Cabin Fever

The cabin

Living in reasonably northern climate, we have already had about 19 weeks socked in with snow. By this time of year a lot of people are getting a bit antsy….okay a more accurate word might be grumpy…from being stuck inside. A term often used to describe this is “cabin fever”. “Cabin fever” took on a new meaning for our family this weekend, the weather was shaping up to be good, so we had the idea to go check on the cabin and see how it was faring through the winter. Our cabin is not winterized, we are on old-school wood heat, so we tend to use it mostly May to October with the odd year starting in late March if we are feeling particularly rugged. Knowing that we had a month, or two, or three, before the first cabin weekend of the year we thought it would be fun to look in on the cabin and go for a little snowshoe outing as well.

Country Road

The drive was a beautiful 215 km back-road drive. Environment Canada was promising a temperature of +1 Celsius with no windchill at our destination, which is pretty much tropical for Alberta in February. A little over half way we noticed the wind was starting to blow, but we still had hope. By the time we hit the cabin it was definitely not +1 Celsius and it was blowing a gale. Snowshoeing was not going to happen.

The Cabin

The cabin was all nicely tucked to bed for the winter just as we had left it months before. We had evidence of visitors (mice……yes children, this is why we don’t eat in our bedrooms!), luckily that is my husband’s department. Everything around the cabin was firmly frozen.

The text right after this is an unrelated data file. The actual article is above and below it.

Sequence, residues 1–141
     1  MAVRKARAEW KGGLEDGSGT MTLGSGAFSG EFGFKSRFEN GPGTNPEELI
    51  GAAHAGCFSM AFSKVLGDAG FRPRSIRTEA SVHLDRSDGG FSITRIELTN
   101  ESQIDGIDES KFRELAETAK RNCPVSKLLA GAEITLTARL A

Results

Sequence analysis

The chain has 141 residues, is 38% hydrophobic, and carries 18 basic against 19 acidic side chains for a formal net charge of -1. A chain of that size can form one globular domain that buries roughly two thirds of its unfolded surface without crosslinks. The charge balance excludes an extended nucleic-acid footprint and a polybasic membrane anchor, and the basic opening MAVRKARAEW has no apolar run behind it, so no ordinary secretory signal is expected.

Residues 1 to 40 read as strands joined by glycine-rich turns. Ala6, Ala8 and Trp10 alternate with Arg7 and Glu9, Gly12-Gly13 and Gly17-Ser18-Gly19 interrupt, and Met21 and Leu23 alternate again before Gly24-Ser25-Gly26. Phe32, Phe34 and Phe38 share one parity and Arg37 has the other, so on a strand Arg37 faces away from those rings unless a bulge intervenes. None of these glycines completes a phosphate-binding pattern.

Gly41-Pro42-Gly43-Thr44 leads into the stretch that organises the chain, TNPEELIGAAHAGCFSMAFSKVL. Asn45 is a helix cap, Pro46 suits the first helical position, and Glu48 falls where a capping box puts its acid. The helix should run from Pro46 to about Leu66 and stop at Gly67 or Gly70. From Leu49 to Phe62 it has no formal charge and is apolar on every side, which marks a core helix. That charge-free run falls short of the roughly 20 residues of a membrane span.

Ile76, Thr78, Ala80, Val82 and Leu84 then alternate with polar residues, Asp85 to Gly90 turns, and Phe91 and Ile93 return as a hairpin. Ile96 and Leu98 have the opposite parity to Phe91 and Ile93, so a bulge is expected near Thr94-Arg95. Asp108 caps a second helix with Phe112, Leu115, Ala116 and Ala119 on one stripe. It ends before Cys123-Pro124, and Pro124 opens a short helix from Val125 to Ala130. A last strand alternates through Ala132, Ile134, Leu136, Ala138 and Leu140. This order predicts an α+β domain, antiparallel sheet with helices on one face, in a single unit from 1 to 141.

View from the yard.

My favorite trees at the cabin. They have been painted and sketched many times.

My favorite trees at the cabin. They have been painted and sketched many times.

Despite the cold and the wind, this rural area was quite picturesque. Blue skies. Sunshine. I did a little tour of our yard taking a few pictures to remember the cabin in winter, and made a few mental notes for where I want to plant more trees. One can never have too many trees.

The frozen lake.

From the cabin we did a very quick walk to the lake.

Snowman at the lake.Frozen lake.

 

The lake was frozen and quiet except for a lone snowmobiler. Over the lake was a fabulous sky.

Winter sky.

We put our cabin back to bed for winter, locked it up and waved goodbye. We have a tradition of everyone saying “Goodbye cabin!” every time we leave it.

Winter view.

Snowshoeing may not have happened this time, but the drive did provide the added bonus that I had time to finish mitts for my youngest and a hat for my oldest child while my husband navigated the roads.

Thimbless mitts.

Thumbless mitts.

knit hat

It was nice to check on our little cabin. It might be a few more months before it is warm enough to stay there, but I can spend the next little while planning all the projects that will keep us busy throughout the coming summer.

 

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Portrait on a boat

Portrait on a BoatThe idea of doing a portrait on a boat was a new idea that quite appealed to me. The boat “architecture” is surely different to shooting in a studio or against a building, plus there is the added bonus of a landscape or interesting sky in the background.

Portrait on a Boat